I can think of no finer outdoor playground than the Scottish Highlands. These mountains, only a few hours by car from most of the UK, offer everything the outdoor enthusiast could wish for: spectacular scenery, world-class walking, kayaking and mountain biking, hills of every type from rounded lumps to jagged aretes. Climbers flock from all over the world to test their skills in these mountains. Every month of the year offers its own unique reward, from balmy crag days in May to stonking neve ice in February.
Why is it special?
Alpinism was not invented in the UK, but Scottish winter climbing was. Globally speaking, it’s a subset of the sport of mountaineering and has origins dating back to the 1880s. Why do climbers come from all corners of the planet to scale our mountains in winter?
1. Routes of extraordinary reputation. Certain Scottish routes are of such immense quality and reputation that climbers dream about them for their entire lives. At the lower grades, routes such as Tower Ridge, Point Five Gully and the crossing of the Cuillin are legendary classics. Modern mixed routes are not my area of expertise but many of these have attained similar reputations.
2. Strong traditional ethics. In the Alps, mixed routes tend to be protected by artificial bolts, and there is a generally entrenched practice of equipping easier mountain routes with chains, ropes, ladders, and all manner of unsightly paraphernalia. In Scotland, anything artificial in the mountains is frowned upon thanks to a long upheld tradition of leader-placed protection and ‘ground up’ climbing. That means no bolts, no chains, and certainly no ladders. For a winter route to be considered in condition, it must be white and should not be easier to climb without ice axes and crampons. A sense of fairness is deeply ingrained into Scottish winter climbing–but as we shall see, things are changing.
3. When conditions are good, they’re really good. A maritime climate results in variable conditions, frequently oscillating between deep thaw and blizzards. However, this very unpredictability can occasionally produce what all ice climbers crave: plastic neve ice, a joy to climb on and a totally different experience to cascade climbing elsewhere.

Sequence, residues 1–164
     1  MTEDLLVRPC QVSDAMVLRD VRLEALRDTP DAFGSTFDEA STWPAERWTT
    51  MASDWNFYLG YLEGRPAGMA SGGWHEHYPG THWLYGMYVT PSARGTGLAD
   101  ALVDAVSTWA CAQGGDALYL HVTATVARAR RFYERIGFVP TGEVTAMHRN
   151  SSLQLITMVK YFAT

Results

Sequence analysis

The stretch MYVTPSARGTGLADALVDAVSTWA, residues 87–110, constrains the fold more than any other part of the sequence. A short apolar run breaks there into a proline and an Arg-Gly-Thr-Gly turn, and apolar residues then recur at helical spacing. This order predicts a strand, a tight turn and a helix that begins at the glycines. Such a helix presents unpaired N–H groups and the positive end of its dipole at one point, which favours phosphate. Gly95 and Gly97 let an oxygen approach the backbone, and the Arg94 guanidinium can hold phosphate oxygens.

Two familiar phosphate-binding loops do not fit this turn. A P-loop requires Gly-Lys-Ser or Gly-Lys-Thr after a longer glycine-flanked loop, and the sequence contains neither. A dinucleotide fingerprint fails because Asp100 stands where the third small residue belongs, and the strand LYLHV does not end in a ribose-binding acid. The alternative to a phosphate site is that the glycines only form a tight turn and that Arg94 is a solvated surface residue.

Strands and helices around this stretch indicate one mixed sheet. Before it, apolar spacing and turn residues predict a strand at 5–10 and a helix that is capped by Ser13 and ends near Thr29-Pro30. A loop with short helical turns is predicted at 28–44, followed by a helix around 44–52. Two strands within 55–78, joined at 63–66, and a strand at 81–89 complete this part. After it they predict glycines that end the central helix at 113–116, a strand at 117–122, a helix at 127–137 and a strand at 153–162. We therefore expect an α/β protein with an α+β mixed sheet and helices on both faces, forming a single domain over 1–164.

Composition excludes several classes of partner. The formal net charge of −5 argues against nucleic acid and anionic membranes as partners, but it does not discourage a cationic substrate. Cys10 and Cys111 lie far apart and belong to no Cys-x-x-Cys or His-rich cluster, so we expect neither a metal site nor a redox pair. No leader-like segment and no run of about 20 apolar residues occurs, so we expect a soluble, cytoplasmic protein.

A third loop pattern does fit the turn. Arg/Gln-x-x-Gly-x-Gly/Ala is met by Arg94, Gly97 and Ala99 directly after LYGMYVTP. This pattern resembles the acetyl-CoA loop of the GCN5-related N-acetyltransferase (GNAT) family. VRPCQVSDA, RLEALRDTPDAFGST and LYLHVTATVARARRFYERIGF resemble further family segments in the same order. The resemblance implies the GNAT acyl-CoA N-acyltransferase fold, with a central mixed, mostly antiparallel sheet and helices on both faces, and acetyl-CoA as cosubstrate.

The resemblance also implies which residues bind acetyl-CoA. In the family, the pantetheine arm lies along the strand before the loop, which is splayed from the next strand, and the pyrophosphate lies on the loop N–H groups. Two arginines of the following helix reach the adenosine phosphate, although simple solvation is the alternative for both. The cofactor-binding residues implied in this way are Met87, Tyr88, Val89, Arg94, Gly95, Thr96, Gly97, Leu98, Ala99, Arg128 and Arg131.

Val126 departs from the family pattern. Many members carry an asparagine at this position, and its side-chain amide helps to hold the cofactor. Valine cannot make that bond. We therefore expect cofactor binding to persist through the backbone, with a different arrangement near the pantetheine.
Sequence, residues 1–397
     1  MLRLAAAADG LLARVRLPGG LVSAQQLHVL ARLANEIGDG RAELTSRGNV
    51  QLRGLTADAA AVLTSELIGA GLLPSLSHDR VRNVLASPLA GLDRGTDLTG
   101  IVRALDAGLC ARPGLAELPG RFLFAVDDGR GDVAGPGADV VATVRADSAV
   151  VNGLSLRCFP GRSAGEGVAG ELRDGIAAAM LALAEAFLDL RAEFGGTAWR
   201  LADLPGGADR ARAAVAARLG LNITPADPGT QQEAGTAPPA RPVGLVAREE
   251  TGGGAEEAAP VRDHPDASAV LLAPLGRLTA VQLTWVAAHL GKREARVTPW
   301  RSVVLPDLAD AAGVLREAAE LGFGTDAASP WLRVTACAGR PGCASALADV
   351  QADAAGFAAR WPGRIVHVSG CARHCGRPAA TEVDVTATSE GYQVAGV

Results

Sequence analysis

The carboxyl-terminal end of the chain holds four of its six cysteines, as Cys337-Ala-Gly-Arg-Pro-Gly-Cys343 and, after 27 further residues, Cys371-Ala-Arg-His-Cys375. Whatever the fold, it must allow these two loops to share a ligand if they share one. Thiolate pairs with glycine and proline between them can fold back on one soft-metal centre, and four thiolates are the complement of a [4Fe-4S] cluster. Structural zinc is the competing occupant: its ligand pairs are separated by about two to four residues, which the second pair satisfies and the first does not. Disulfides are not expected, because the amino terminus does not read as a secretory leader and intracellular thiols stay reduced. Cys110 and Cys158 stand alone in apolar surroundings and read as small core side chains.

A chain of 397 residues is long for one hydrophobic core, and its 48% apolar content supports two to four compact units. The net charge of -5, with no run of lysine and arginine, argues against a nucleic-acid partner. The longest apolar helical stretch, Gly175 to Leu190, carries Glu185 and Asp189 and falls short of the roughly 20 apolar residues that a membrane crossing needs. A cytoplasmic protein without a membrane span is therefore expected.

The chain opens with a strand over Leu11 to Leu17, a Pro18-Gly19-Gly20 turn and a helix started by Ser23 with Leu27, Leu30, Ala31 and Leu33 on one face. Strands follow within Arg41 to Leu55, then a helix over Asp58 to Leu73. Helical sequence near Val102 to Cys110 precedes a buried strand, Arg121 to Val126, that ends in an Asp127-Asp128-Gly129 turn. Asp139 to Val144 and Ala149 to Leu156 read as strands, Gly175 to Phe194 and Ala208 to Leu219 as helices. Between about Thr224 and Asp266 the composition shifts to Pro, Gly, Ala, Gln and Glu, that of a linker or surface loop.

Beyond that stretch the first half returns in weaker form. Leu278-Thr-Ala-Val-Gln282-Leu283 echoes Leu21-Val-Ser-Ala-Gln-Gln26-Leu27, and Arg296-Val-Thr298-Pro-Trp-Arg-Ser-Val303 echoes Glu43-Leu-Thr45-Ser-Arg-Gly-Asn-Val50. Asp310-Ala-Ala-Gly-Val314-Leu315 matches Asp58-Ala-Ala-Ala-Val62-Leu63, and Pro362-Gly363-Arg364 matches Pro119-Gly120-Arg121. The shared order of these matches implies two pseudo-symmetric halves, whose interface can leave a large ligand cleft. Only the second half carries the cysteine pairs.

|Ben Alder in February 2012|
Ethics – past and present
Strong ethics hold the entire game together. For many decades, a code of honour has governed the conduct of climbers in the Scottish hills. As the climbing scene has changed over time, this ethical code has also changed, but at its heart has always been a wish to give the mountain a chance–for climbers to operate with fairness and transparency, making as little impact on the environment as possible.
In the days of the pioneers, climbs of all styles were recorded (snow, pure ice, and mixed/rock). Ethics tended to be largely practical in the 19th century; an ice climb simply couldn’t be done if the ice wasn’t in optimum condition. Attitudes towards mixed climbs were far more relaxed, however. No distinction was made between rock climbing and winter mixed climbing, as the equipment used was exactly the same: nailed boots and long ice axe. As a consequence, the sort of winter mixed routes being done in the period (ridges and buttresses up to Grade IV) did not have to be white in appearance to be considered fair game, and there was little emphasis on the importance of avoiding damage to rock and vegetation. These pioneers usually had to travel great distances to reach their mountains, and had no access to weather forecasts or conditions reports. They had to take the mountain as they found it–or go home.
Victorian ethics focused on simplicity: an unaided man against the challenge of the mountains. Any technology that made climbing easier was frowned upon. They had no ice screws, nuts, or camming devices; twin ice axes hadn’t even been dreamed of (although in my fictional version of events, this development happens rather sooner!)
As the sport matured, new equipment became available, albeit slowly. It took a long time before crampons were adopted as essential gear in the these hills, and well into the 1960s many Scottish mountaineers preferred the old method of nailed boots and cutting steps. A more mature mixed ethic had developed by this time. It was considered unsporting to climb mixed routes in anything but well-frozen, white conditions. Climbers were also starting to become conscious of the environmental impact they were having on the crags.